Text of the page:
News & Politics

Trump, Citing ‘a Witch Hunt,’ Denies Any Collusion With Russia

President Trump said there was no collusion between his campaign and the Russians, when asked about the appointment of a special counsel to investigate ties with Russia. By THE ASSOCIATED PRESS. Photo by Doug Mills/The New York Times.
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President Trump declared angrily on Thursday that he was the victim of a witch hunt, and contradicted his deputy attorney general on the firing of the F.B.I. director, in an extensive denial of any collusion between his campaign and Russia.

Mr. Trump used a chaotic White House news conference with Colombia’s leader to directly confront a weeklong barrage of criticism and questions in a political storm that he said was dividing the nation.

He also conspicuously distanced himself from aides like his former national security adviser, Michael T. Flynn, in repeating his claim that Moscow and its agents had not secretly assisted his campaign.

“I respect the move,” Mr. Trump said of the Justice Department’s decision on Wednesday to appoint a special counsel to investigate the matter. “But the entire thing has been a witch hunt.”

“And there is no collusion between, certainly, myself and my campaign – but I can always speak for myself  a-nd the Russians,” he said. “Zero.” Mr. Trump made his comments while standing alongside Colombia’s president, Juan Manuel Santos.

As he dug in his heels, Mr. Trump further muddied his explanation of why he dismissed the F.B.I. director, James B. Comey – and in doing so, offered a different version of events from one given to senators just hours earlier by the deputy attorney general, Rod J. Rosenstein.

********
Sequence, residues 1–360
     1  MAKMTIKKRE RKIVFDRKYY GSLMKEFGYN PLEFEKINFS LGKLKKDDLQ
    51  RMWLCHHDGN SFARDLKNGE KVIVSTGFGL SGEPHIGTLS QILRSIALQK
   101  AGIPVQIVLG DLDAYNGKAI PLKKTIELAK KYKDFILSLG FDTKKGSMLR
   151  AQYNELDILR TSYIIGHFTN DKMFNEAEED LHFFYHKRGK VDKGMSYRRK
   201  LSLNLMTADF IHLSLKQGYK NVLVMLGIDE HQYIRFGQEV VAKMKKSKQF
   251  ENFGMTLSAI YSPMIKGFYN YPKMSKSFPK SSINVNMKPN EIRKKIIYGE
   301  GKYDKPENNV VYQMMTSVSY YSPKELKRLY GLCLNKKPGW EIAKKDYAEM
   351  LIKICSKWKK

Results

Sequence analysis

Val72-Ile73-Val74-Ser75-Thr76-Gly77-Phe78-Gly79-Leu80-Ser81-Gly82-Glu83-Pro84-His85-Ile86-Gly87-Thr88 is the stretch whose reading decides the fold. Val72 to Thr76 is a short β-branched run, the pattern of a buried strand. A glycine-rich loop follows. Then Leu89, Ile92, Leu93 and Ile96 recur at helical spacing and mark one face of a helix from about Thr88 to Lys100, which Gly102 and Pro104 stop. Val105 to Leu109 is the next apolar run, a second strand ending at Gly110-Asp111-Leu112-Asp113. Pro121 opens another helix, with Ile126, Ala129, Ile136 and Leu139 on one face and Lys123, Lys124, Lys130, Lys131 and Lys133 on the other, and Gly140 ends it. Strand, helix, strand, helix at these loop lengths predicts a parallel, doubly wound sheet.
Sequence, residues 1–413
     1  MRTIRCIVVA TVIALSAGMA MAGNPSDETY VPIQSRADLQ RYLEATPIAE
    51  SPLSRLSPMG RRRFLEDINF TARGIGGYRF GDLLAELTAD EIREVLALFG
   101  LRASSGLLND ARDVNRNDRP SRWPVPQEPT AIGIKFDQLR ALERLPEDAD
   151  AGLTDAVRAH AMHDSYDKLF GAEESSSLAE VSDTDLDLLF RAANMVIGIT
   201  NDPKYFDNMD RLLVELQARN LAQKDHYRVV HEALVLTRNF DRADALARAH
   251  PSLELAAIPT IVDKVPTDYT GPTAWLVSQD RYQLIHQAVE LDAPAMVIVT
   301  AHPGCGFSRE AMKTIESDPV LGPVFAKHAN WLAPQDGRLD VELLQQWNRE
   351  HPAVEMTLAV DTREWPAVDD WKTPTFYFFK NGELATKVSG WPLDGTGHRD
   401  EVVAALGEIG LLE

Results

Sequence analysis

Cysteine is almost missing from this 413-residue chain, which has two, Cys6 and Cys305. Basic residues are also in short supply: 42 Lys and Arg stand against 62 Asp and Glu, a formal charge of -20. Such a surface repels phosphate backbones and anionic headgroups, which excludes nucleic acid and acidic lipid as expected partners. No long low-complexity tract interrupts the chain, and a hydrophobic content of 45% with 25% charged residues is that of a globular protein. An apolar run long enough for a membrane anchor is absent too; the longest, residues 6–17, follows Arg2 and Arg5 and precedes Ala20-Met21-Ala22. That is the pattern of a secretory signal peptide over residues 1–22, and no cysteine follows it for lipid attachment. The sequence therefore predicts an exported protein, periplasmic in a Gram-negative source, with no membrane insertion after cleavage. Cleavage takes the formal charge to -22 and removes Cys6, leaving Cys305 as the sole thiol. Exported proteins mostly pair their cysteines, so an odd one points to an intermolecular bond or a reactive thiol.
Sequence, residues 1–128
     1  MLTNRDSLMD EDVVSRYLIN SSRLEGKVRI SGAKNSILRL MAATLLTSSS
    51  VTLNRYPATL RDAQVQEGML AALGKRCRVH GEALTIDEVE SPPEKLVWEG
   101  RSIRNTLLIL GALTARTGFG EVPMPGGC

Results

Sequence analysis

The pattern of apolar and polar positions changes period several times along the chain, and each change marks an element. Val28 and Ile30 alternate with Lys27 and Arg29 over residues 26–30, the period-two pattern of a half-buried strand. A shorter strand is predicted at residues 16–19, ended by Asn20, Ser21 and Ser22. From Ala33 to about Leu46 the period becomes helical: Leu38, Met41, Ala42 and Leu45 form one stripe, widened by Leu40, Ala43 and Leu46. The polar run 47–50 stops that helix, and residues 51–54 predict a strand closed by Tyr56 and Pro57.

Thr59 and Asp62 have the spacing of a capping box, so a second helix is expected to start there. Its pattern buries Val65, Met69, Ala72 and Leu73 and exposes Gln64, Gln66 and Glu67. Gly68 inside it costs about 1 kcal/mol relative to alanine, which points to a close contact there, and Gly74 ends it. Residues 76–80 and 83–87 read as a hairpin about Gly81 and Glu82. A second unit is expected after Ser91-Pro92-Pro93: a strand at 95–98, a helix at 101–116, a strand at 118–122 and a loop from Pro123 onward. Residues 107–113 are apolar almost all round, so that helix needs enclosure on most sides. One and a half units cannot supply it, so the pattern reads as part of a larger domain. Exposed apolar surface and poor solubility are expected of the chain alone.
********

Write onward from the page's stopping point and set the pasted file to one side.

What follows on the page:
In that meeting, Mr. Rosenstein outlined his decision to appoint Robert S. Mueller III, a former F.B.I. director, as special counsel. Several senators emerged afterward to say Mr. Rosenstein had told them he was certain that the president was going to dismiss Mr. Comey, even before he wrote a memo critical of the director’s performance.

But at his news conference, Mr. Trump reverted to the White House’s original claim that he was primarily responding to Mr. Rosenstein’s recommendation to dismiss Mr. Comey. The president had later claimed that he had moved against Mr. Comey in part because of his frustration over the F.B.I.’s handling of the Russia investigation.

“Director Comey was very unpopular with most people,” Mr. Trump said on Thursday. “When I made that decision, I actually thought that it would be a bipartisan decision. Because you look at all of the people on the Democratic side, not only the Republican side, that were saying such terrible things about Director Comey.”

There was a palpable sense among the senators who filed out of the briefing room that the center of gravity in the investigation was shifting from Capitol Hill to Mr. Mueller, who will spend weeks assembling a staff and a list of witnesses to interview.

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